If the Canada-China BIT is any guide, then the US-China BIT may prove to be profoundly state-friendly. Unlike Canada’s 2004 model investment agreement and the investment chapter of the 2014 Canada-European Union Comprehensive Trade and Economic Agreement (CETA), the Canada-China BIT offers only negligible establishment-phase protections and lacks disciplines on state-owned enterprises. With such provisions, the Canada-China BIT (and perhaps the US-China BIT) may prove to be an anti-BIT which, rather than promoting new investment, simply asserts states’ ability to regulate existing investments.

Three provisions contribute to the Canada-China BIT’s weak establishment-phase protections: (1) a weak performance requirements provision; (2) the exclusion of pre-investment approval from dispute settlement; and (3) the omission of establishment-phase protections from the national treatment clause.

The BIT’s performance requirements provision provides only that “[t]he Contracting Parties reaffirm their obligations under the WTO Agreement on Trade-Related Investment Measures (TRIMS)” and incorporates TRIMS Article 2 and the Annex, which relate to national treatment, quantitative restrictions, and domestic content requirements. For Canada, TRIMS appears to be a fall-back position on performance requirements – similar references are in Canada’s FTAs with Costa Rica, Thailand, and Venezuela.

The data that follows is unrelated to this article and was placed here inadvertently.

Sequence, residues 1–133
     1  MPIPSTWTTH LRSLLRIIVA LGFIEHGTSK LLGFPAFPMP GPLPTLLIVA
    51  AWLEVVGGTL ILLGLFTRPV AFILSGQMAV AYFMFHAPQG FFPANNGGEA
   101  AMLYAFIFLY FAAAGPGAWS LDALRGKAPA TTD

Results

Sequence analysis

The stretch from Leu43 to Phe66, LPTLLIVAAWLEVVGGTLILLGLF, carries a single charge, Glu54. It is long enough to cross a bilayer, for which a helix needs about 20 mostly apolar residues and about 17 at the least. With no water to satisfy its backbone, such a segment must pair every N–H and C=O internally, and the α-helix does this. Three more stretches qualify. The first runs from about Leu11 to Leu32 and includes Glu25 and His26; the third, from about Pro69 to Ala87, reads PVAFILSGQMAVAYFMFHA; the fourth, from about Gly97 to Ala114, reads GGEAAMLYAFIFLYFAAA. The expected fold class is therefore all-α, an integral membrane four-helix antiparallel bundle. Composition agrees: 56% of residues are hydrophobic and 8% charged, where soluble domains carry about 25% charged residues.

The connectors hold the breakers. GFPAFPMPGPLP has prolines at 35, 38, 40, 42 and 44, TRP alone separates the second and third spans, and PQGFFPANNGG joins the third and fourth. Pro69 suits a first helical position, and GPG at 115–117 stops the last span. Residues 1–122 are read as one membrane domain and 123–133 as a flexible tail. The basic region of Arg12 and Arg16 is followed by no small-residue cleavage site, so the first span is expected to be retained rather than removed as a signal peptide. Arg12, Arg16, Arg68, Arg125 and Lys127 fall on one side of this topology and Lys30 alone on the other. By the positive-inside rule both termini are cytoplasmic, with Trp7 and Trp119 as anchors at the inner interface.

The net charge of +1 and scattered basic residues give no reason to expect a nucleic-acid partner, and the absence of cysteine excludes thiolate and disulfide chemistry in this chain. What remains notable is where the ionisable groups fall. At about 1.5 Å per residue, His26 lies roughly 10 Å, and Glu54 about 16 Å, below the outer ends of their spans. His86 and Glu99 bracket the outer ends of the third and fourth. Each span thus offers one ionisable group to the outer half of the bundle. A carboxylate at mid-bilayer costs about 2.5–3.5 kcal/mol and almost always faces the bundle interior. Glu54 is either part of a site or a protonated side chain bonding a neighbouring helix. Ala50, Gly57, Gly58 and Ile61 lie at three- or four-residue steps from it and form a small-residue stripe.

The weakness of this performance requirements provision is apparent, however, when compared with Canada’s model agreement and CETA. The analogous model agreement provision bars domestic content requirements, export minimums, localization of intellectual property, and similar actions when imposed in connection with the establishment of an investment, as well as when imposed as a condition for the continuance of an investment benefit. CETA’s investment chapter includes a performance requirements provision along these lines, and also contains a separate “market access” provision. Like GATS article XVI, CETA’s “market access” provision forbids limits on the number of enterprises, operations, or natural persons, or the value of transactions or foreign capital that may be involved in an investment. Thus, Canada’s model treaty provides strong performance requirements, while CETA provides double protection at the establishment phase. The strength of these agreements’ pre-investment protection contrasts strongly with the sparse coverage offered in the Canada-China BIT.

The BIT also excludes pre-investment approval (or disapproval) from both investor-state and state-to-state dispute settlement. Under Annex D.34, neither dispute-resolution method applies to a state’s decision to “initially approve an investment that is subject to review” or “permit an investment that is subject to national security review” under its own laws. This exclusion guarantees states broad latitude to refuse the establishment of investments, and such decisions may be reviewed only within the respective domestic systems. Neither Canada’s model agreement nor CETA contains an analogous provision, and due to both countries’ relatively onerous investment approval processes, the inclusion of such a provision in the Canada-China BIT will likely have a substantial impact on investment decisions.